A new coating material for food packaging could keep sodas fizzy, chips crispy and military rations more edible, scientists say. It’s made of a thin film of nanoscale bits of clay, the same kind used to make bricks, mixed with polymers. When viewed under an electron microscope, the film looks like bricks and mortar, according to its creator.
Next time you're hungry, but unsure what to make for dinner, don't despair — Kraft Foods has some ideas for you. Are you a mom? KraftBot calculates that you need Mac 'n' Cheese. Is it game day? KraftBot wants you to make queso dip, so here's a barcode for a brick of "cheese product." Are you a hung over college dude? Take the Cheez Whiz and Ritz crackers.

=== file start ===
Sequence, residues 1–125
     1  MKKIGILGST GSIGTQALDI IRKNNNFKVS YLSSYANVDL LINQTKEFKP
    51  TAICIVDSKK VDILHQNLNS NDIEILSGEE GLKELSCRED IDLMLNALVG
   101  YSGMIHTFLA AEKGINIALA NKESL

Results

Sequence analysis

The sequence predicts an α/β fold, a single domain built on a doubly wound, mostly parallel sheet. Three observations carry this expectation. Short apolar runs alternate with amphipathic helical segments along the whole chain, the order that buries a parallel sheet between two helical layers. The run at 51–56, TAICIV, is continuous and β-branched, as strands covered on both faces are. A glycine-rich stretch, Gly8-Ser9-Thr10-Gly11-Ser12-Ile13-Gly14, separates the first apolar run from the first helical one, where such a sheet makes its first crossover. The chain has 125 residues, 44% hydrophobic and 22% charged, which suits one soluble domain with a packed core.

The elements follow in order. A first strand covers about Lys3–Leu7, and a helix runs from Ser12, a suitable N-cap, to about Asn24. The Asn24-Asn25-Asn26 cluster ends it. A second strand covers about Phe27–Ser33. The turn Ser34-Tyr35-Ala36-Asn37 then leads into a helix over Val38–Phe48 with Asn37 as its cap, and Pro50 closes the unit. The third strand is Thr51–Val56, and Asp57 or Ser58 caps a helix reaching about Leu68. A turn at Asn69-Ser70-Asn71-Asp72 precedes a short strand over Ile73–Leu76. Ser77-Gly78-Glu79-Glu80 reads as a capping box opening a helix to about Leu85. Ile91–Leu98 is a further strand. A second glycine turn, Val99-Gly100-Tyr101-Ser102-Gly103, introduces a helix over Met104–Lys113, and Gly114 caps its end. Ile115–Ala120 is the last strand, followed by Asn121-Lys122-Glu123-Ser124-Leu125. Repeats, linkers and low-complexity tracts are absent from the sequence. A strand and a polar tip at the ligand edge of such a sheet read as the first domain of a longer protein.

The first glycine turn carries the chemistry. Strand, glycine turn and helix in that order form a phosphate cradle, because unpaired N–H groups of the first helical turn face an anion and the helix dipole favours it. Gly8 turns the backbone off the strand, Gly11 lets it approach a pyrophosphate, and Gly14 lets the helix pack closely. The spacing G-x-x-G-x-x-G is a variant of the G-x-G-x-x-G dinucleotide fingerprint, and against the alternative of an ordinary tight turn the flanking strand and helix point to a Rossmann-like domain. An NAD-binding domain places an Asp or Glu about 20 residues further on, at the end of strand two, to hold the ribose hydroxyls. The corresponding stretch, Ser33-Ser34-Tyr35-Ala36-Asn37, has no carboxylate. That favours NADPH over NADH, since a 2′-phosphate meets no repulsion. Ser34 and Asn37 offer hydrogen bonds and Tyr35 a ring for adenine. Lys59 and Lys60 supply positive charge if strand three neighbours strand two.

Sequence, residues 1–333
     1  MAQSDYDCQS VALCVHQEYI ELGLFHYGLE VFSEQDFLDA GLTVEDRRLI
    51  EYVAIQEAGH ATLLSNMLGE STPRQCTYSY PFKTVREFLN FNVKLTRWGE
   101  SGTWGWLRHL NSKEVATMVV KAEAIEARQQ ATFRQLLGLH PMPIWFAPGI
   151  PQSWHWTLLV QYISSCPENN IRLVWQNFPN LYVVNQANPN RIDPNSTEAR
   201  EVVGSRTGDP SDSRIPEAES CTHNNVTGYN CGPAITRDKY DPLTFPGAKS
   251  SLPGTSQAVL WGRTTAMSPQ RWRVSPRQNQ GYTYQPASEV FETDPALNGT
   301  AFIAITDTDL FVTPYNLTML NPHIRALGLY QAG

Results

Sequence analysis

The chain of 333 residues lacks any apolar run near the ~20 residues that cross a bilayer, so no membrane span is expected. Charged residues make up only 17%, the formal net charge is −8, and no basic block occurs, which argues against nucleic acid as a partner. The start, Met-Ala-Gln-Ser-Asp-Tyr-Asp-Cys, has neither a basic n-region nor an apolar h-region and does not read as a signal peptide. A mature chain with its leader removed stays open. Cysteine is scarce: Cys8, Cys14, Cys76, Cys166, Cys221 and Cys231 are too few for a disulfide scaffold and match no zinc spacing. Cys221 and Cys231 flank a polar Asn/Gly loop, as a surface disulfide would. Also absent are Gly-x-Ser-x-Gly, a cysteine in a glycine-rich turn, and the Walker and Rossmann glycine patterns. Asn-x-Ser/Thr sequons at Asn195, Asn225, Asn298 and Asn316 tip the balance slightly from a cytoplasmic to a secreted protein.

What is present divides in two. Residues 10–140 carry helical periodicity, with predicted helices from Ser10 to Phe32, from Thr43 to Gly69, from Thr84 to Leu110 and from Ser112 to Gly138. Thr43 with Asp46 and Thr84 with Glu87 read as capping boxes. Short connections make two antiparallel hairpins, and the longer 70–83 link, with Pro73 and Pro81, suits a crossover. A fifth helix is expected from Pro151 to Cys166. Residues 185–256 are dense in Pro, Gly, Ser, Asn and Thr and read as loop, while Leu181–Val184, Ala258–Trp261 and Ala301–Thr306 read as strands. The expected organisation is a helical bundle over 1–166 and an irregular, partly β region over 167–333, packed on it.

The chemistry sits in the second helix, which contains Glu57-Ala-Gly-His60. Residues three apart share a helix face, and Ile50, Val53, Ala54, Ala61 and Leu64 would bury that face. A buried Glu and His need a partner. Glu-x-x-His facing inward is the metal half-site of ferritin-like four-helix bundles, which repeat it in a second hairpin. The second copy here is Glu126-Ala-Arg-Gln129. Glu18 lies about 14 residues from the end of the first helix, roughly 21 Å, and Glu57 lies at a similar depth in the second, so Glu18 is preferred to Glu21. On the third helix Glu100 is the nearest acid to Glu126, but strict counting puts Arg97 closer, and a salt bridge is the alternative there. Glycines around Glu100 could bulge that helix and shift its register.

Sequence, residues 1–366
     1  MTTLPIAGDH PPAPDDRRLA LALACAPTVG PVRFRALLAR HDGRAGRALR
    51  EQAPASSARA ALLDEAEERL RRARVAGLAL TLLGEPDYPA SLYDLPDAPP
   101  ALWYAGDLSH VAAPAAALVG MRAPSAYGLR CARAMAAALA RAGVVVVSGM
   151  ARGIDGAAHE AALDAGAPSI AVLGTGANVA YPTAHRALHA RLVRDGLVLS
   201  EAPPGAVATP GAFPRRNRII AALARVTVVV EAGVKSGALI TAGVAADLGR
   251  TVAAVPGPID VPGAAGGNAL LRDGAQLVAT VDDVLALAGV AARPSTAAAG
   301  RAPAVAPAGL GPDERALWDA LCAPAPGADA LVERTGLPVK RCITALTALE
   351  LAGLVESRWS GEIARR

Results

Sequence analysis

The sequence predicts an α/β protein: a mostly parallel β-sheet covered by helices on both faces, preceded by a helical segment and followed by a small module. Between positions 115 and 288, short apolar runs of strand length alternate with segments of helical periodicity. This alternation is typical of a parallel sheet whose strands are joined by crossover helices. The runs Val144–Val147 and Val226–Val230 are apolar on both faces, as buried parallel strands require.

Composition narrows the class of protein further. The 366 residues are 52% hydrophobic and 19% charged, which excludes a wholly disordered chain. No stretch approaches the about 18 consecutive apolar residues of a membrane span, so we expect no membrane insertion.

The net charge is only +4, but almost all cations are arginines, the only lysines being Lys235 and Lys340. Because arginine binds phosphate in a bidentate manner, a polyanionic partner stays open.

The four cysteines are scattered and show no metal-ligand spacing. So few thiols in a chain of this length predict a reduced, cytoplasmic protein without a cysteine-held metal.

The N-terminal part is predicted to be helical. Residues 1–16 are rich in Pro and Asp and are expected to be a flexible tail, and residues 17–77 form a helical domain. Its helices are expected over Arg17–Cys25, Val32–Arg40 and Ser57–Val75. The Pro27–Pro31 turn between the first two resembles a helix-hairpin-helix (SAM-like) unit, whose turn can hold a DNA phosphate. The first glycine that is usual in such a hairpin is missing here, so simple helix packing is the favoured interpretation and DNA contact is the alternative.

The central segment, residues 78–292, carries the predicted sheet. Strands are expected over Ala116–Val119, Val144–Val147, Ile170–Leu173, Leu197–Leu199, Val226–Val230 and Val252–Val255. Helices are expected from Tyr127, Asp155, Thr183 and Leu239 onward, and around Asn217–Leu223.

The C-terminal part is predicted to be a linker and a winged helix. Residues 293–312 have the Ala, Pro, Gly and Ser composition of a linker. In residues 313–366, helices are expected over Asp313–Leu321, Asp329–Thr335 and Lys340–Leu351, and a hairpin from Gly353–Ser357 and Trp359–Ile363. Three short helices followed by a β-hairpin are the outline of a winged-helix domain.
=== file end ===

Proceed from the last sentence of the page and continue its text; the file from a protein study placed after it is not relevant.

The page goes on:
Or maybe you're morbidly obese. Go ahead, pick between a box of South Beach Diet fiber bars or a gallon jug of Hidden Valley Ranch — the choice is yours, shopper. Just as long as it's Kraft, and only Kraft.
While M&Ms have famously claimed that a thin candy shell ensures they melt in your mouth rather than your hand, the same can’t be said for chocolate bars, which seem to melt easily within their own packaging. But if Kraft Foods gets its way, the soft, melted candy bar will soon be a distant memory. The company is actively searching for high-tech packaging that will prevent chocolate bars from melting even at temperatures up to 104 degrees.